Take a beautiful sea setting, add a few endearing but complex characters, top it off with serious moral dilemmas, and what do you get? The Light Between Oceans, an excellent debut novel by M.L. Stedman.
Set mostly at a lighthouse on Janus Rock, an island off the coast of Australia, The Light Between Oceans tells the story of Tom and Isabel Sherbourne, the lighthouse keeper and his wife, who live alone on the island, visited only once a season by two men who bring them supplies. This isolated existence suits Tom, who believes that if he can get far enough away from people and memories, time will heal the mental and emotional wounds he carries from fighting in World War I, especially the nightmares that remind him of the blood on his hands. He is a meticulous lighthouse keeper, always making sure the light goes on and off at the correct times and recording everything he should in the leather-bound log.
Isabel meets Tom at a dinner hosted by the harbormaster on the mainland before Tom departs for Janus. They exchange letters via the supply boat after Tom takes up residence on the island. After a year of letters highlighted by two weeks of courtship when Tom returns to the mainland after the first six months on Janus, they wed, and Isabel returns with Tom to the island.
Stedman skillfully develops the relationship between Tom and Isabel. Tom is a serious man who keeps a grip on reality by always following the rules and doing what needs to be done. Isabel has a lighter approach to life and finds ways to amuse herself on the island, including making up names for parts of the island and writing them on Tom’s map, which he considers to be Commonwealth property that should not be altered. Isabel’s greatest desire is to have a child, but three pregnancies end in either miscarriage or stillbirth.
Then comes the day of the miracle, as Isabel thinks of it. A dinghy washes ashore on the island, and in the boat are a dead man and an infant who is very much alive. Tom wants to contact the mainland and have them send a boat, but Isabel says the baby’s mother is probably dead like her father and the baby has been sent to Tom and Isabel to care for. In the first of several controversial decisions made in the book, Tom agrees and buries the man on the island.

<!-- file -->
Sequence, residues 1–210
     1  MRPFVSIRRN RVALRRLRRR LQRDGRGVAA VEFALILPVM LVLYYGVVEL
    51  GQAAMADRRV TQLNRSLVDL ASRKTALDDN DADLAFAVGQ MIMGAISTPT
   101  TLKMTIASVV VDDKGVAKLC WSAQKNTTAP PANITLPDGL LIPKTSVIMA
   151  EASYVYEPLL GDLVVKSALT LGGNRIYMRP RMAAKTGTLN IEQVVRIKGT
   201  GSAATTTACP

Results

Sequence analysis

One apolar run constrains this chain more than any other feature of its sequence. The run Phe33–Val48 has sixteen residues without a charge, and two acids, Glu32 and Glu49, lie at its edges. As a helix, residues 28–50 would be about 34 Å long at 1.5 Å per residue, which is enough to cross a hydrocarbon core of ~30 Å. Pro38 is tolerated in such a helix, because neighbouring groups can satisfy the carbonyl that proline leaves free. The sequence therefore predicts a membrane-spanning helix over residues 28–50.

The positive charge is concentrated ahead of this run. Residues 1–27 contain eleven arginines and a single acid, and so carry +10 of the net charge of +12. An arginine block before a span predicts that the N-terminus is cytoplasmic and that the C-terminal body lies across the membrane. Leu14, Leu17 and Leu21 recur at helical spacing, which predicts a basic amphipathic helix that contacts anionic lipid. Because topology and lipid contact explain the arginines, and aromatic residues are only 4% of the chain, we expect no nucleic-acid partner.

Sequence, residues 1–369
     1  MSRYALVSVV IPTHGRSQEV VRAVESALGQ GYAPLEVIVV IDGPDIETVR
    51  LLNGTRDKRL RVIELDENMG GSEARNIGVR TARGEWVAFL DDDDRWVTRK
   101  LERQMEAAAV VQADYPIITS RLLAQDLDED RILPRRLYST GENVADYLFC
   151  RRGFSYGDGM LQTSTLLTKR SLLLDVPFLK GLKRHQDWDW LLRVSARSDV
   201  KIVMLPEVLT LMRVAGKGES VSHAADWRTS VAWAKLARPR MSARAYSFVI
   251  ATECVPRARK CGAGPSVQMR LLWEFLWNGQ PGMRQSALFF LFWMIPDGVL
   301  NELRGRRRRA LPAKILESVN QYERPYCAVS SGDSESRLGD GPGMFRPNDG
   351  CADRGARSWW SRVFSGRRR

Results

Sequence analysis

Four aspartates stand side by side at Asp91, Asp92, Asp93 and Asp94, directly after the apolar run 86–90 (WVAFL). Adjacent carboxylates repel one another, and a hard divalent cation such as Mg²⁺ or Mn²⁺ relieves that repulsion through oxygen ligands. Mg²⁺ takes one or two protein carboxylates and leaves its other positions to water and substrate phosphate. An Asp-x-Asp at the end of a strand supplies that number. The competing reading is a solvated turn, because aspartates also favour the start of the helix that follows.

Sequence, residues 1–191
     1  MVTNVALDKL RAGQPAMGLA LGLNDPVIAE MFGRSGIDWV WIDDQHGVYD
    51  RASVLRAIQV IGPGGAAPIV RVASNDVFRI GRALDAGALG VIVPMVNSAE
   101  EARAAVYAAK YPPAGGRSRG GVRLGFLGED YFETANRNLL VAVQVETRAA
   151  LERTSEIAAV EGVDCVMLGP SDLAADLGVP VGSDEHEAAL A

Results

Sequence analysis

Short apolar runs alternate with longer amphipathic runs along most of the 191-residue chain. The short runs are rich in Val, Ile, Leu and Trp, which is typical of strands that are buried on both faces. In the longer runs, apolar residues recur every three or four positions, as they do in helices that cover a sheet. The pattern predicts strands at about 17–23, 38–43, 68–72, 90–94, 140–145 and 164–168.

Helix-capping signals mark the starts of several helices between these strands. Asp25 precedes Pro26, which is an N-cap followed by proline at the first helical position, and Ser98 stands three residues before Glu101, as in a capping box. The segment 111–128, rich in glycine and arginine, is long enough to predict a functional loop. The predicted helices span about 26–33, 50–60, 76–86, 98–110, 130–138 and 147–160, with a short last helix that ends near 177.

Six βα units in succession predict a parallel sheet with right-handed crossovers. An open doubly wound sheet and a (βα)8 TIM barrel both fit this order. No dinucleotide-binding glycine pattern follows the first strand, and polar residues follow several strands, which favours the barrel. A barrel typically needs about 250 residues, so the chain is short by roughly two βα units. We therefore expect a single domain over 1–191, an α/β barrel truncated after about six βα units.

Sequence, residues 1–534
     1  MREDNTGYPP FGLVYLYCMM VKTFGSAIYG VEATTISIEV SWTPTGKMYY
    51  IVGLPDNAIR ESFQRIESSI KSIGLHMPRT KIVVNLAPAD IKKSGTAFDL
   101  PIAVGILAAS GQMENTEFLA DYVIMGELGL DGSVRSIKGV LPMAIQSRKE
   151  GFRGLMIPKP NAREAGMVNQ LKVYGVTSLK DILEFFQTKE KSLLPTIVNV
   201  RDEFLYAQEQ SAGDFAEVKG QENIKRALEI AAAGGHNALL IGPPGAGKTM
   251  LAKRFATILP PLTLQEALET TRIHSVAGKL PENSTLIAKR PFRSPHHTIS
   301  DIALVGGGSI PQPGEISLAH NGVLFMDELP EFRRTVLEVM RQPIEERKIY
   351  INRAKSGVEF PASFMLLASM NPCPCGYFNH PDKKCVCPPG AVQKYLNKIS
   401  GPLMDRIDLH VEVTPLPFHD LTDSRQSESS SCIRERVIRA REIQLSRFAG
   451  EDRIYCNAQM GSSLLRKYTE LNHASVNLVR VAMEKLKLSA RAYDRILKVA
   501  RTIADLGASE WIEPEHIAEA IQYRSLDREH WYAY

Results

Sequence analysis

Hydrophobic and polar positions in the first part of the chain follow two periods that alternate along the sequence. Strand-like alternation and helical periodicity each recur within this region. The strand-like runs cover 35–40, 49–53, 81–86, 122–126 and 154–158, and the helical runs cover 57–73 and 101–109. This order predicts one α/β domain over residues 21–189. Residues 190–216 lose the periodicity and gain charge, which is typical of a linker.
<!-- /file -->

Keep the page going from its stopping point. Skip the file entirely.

If life were as isolated as Janus Rock, the Sherbourne family perhaps could have lived happily ever after. But it’s not. Life is filled with connections that can bring surprises, heartbreak, remorse, regret, and defiance. After two years, Tom and Isabel dare to take their daughter, whom they’ve named Lucy, to the mainland. On the morning of Lucy’s christening, as the family walks through the graveyard at the church, Isabel’s mother remarks about the memorial recently erected in the graveyard for a baby and her father who drowned.
The new knowledge sets off alarms of fear for Isabel and Tom, especially after they learn who the grieving wife and mother is. And this is where The Light Between Oceans becomes really interesting. Stedman takes the reader through all of the soul searching going on inside Isabel and Tom as new pieces of information and their own actions compound their dilemma. As a reader, you can’t help asking yourself, “What would I do?” and “What’s the right thing for these people to do?”
To bring the reader closer to the characters, Stedman uses a technique that I’ve rarely seen before. Although the novel is written in the past tense, when she describes a character’s most basic aspects, she slips into present tense, so deftly that the reader hardly notices, but the effect is real. For example,
On Janus there is no reason to speak. . . . But Tom finds a freedom in the silence. He listens to the wind. . . . Now and then, as if brought in on the breeze, the memory of Isabel’s kiss floats into his awareness.
And with Isabel,
She likes to feel the ground under her feet, and goes without shoes whenever she can. . . . She explores the boundaries of her new world.
I’d like to know more about M.L. Stedman, but she shares Elena Ferrante’s belief that once the novel is written, the author needs to get out of the way. She compares revealing too much about the author to making a movie and then standing on the stage in front of it.
So I can’t help wondering if she attended the world premiere of the movie version of The Light Between Oceans at the 73rd Venice International Film Festival in September. Although, as I said here last year, I’m leery of movies’ ever being as good as the novels they’re based on, I think this story could be adapted successfully if the dialogue is written well. It’s on my list of films to see.